`@[simp] theorem list.sum_repeat : ∀ (a : β) (n : ℕ), (list.repeat a n).sum = n • a`

is the function that leads into it. It is in `algebra.group_power`

, while map_const is in `list.basic`

. I am not sure why that rewriting is happening considering I had not imported any of the `algebra`

files myself. The only import I have is `data.rat`

. I guess this means that every file in the project can extend the namespace in such a manner.

Hmmm...definitely not what I expected. I expected that imports would be the main mechanism of information exchange between modules, but these extension definitions seem to be entirely separate from that. I am not sure if the manual said anything about this.

#### Johan Commelin (Oct 15 2019 at 13:53):

It's really powerful!

#### Marc Huisinga (Oct 15 2019 at 13:56):

maybe some file you imported also imports the algebra files.

#### Marc Huisinga (Oct 15 2019 at 13:57):

at least according to TPIL, simp only uses tagged lemmas from files that have been imported (https://leanprover.github.io/theorem_proving_in_lean/tactics.html#using-the-simplifier, "Once the attribute is applied, however, there is no way to remove it; it persists in any file that imports the one where the attribute is assigned.")

#### Marko Grdinić (Oct 15 2019 at 14:06):

I guess `data.rat`

must be importing them then at some point.

#### Marko Grdinić (Oct 15 2019 at 14:53):

Here is an easier way of implementing the above function.

theorem list.eq.repeat (c : rat) (l : list rat) : list.sum (list.map (fun _, c) l) = c * list.length l := by { simp, rw add_monoid.smul_eq_mul _ c, ring }

All my difficulty here was not really understanding the difference between monoidal and regular multiplication. One can use `add_monoid.smul_eq_mul`

to go between the two.

#### Lucas Allen (Oct 15 2019 at 22:12):

Lucas Allen Hooray! Nice work!

Thanks :slight_smile:

#### Marko Grdinić (Oct 16 2019 at 13:33):

example : ∀ (x : rat), x^2 = x*x := by library_search -- succeeds example : ∀ (x : rat), x*x = x^2 := by library_search -- fails

`library_search`

should really be adjusted so that both sides of equalities get tested. It has been useful so far though. In cases like looking for `add_monoid.smul_eq_mul`

I was lucky that I got the sides right otherwise I would not even have realized that something was amiss.

#### Johan Commelin (Oct 16 2019 at 13:39):

I think there is currently a PR that tries `symmetry`

in library search

#### Rob Lewis (Oct 16 2019 at 15:08):

I think there is currently a PR that tries

`symmetry`

in library search

I see an issue, but not a PR. Am I overlooking something? I'll review soon if I am.

#### Johan Commelin (Oct 16 2019 at 15:14):

I thought that `refine_list`

made this patch

#### Rob Lewis (Oct 16 2019 at 15:18):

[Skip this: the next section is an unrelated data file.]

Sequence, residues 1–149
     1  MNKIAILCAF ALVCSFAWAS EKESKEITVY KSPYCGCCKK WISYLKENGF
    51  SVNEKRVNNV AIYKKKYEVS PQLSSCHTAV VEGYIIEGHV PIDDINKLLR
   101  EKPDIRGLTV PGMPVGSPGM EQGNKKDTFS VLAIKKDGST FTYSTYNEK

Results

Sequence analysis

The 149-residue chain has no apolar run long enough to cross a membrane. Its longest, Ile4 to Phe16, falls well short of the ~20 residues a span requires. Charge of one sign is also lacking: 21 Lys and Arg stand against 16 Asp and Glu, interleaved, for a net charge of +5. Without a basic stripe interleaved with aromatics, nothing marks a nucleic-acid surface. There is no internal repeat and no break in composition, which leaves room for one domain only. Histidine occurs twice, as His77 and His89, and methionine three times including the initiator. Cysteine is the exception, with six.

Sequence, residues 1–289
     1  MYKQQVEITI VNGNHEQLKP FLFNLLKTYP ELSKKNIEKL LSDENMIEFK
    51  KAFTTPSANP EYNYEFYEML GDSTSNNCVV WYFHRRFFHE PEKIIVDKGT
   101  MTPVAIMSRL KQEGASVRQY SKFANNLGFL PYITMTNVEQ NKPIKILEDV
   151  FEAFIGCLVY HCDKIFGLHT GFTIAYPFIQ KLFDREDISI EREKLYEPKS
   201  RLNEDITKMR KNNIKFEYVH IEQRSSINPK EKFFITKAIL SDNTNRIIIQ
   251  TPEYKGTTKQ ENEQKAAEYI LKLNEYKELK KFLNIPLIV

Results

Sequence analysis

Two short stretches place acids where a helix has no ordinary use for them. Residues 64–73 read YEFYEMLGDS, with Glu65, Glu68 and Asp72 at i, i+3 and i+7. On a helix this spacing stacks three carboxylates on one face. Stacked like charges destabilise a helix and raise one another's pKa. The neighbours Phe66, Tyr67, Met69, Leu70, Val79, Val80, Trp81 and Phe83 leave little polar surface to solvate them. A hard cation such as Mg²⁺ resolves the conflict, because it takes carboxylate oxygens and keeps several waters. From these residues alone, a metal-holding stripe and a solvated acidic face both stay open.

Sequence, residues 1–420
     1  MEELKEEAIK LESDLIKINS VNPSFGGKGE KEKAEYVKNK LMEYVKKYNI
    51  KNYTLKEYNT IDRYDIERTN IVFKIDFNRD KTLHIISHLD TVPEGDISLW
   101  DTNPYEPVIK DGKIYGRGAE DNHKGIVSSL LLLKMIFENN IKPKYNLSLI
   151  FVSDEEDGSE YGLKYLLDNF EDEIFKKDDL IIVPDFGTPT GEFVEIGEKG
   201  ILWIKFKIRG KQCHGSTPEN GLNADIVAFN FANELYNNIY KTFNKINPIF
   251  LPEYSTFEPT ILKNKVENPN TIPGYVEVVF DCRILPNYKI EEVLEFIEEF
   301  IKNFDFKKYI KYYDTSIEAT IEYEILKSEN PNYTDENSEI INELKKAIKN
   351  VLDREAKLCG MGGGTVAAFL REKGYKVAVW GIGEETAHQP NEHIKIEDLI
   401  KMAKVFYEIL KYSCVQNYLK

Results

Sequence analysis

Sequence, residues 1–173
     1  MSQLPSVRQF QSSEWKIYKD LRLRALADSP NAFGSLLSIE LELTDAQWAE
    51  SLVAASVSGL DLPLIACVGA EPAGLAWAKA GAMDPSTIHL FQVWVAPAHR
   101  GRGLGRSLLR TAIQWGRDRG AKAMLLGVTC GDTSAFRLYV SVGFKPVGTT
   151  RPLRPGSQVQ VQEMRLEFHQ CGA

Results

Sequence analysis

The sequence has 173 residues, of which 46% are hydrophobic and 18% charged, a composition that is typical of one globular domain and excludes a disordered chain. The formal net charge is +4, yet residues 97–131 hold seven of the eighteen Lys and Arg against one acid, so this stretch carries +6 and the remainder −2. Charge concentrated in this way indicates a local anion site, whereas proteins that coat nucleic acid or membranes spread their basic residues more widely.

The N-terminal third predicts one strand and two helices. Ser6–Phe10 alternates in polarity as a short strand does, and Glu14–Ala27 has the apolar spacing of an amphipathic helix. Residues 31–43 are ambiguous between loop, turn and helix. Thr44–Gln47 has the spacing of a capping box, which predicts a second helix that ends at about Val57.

I don't see anything in the PR or added documentation that says that. If it does, it should be clarified! (Also it should probably be a separate PR.)

#### Johan Commelin (Oct 16 2019 at 15:18):

I saw `<|> symmetry`

somewhere, and I guessed that was doing this patch. But I don't know meta code. So don't trust me.

#### Rob Lewis (Oct 16 2019 at 15:21):

You could be right. This is a dangerous thing to do. When that's merged, the behavior of `library_search`

will change (and become slower), and it will be very hard to trace the cause, since it isn't mentioned in the commit name or the PR body.

#### Johan Commelin (Oct 16 2019 at 15:23):

Then I hereby warn the reviewers (-;

#### Kevin Buzzard (Oct 16 2019 at 19:34):

@Marko Grdinic the rule of thumb is that the RHS should be "simpler" then the LHS.

#### Lucas Allen (Oct 16 2019 at 22:09):

I think there is currently a PR that tries

`symmetry`

in library search

@Scott Morrison added `symmetry`

to the `apply_and_solve`

function in `library_search`

while he was putting some final touches on `refine_list`

.

#### Scott Morrison (Oct 16 2019 at 22:11):

Okay, let's yoink that `symmetry`

back out of this PR, and add it separately later.

#### Scott Morrison (Oct 16 2019 at 22:11):

It really should have a performance optimisation put (run `symmetry`

only once, not once for each lemma we try to apply...) anyway.

#### Lucas Allen (Oct 16 2019 at 22:17):

Okay, let's yoink that

`symmetry`

back out of this PR, and add it separately later.

I've removed `symmetry`

from `library_search`

in the `refine_list`

PR.

#### Scott Morrison (Oct 16 2019 at 22:20):

@Lucas Allen, you should still explain in the top post that all the apparent changes to library_search are actually just refactoring so `library_search`

and `refine_list`

can share code, and (assuming this is correct), this PR doesn't change the behaviour of library_search.

#### Lucas Allen (Oct 16 2019 at 22:41):

Lucas Allen, you should still explain in the top post that all the apparent changes to library_search are actually just refactoring so

`library_search`

and`refine_list`

can share code, and (assuming this is correct), this PR doesn't change the behaviour of library_search.

OK. I've modified the top post of the `refine_list`

PR, and I made sure to mention what it's doing to `library_search`

.

Last updated: May 06 2021 at 22:13 UTC